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Dumpster-diving with Google at RSA

Dumpster-diving with Google at RSA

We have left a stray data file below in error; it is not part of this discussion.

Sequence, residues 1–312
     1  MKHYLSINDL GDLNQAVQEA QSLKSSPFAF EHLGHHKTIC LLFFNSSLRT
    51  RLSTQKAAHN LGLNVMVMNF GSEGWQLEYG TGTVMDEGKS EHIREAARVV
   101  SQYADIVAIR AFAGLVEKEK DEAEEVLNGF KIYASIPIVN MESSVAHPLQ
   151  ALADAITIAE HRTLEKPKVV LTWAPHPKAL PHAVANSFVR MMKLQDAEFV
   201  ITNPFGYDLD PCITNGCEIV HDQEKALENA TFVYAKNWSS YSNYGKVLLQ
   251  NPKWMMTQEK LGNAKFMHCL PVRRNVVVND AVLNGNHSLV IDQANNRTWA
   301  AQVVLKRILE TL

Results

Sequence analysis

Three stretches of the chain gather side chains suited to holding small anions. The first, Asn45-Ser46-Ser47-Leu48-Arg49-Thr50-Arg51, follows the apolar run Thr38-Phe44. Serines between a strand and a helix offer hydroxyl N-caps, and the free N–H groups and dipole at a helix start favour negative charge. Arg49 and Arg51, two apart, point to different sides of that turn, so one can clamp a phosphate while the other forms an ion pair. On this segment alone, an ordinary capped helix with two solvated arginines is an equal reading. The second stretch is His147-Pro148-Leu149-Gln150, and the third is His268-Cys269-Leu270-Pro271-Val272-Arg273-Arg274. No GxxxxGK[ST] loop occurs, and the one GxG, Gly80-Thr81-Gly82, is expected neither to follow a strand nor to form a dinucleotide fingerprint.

On Tuesday at the RSA 2006 conference, George Kurtz, of McAfee/Foundstone, spoke about the need for companies to check their public data that's available on the Internet. While companies may not have their payroll.xls files visible, they may be broadcasting their robot.txt files, files that tell Web crawlers what not to include in their search engine indexes. How is that a problem? If you type inurl:robot.txt in Google, you might be able to see the contents of that file and subdirectories that weren't meant to be public. As an example, Kurtz showed a robot.txt from whitehouse.gov, listing all the subdirectories on Iraq and 9/11 that the Bush administration didn't want to surface on Google and other search engines. Kurt recommends that companies use No Archive metatags and even then password-protect all sensitive documents within restricted subdirectories. He also recommended Google-hacking your own system.